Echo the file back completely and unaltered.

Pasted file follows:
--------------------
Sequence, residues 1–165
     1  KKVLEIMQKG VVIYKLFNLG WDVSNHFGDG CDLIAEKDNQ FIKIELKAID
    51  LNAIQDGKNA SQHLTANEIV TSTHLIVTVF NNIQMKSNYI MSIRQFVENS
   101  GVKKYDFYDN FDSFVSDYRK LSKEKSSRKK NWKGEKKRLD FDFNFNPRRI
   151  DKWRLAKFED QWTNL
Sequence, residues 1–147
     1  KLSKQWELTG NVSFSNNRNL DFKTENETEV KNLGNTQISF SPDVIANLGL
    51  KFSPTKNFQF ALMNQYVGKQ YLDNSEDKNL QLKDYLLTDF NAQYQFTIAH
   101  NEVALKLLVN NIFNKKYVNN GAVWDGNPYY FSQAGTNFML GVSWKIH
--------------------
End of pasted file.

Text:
Sequence, residues 1–165
     1  KKVLEIMQKG VVIYKLFNLG WDVSNHFGDG CDLIAEKDNQ FIKIELKAID
    51  LNAIQDGKNA SQHLTANEIV TSTHLIVTVF NNIQMKSNYI MSIRQFVENS
   101  GVKKYDFYDN FDSFVSDYRK LSKEKSSRKK NWKGEKKRLD FDFNFNPRRI
   151  DKWRLAKFED QWTNL
Sequence, residues 1–147
     1  KLSKQWELTG NVSFSNNRNL DFKTENETEV KNLGNTQISF SPDVIANLGL
    51  KFSPTKNFQF ALMNQYVGKQ YLDNSEDKNL QLKDYLLTDF NAQYQFTIAH
   101  NEVALKLLVN NIFNKKYVNN GAVWDGNPYY FSQAGTNFML GVSWKIH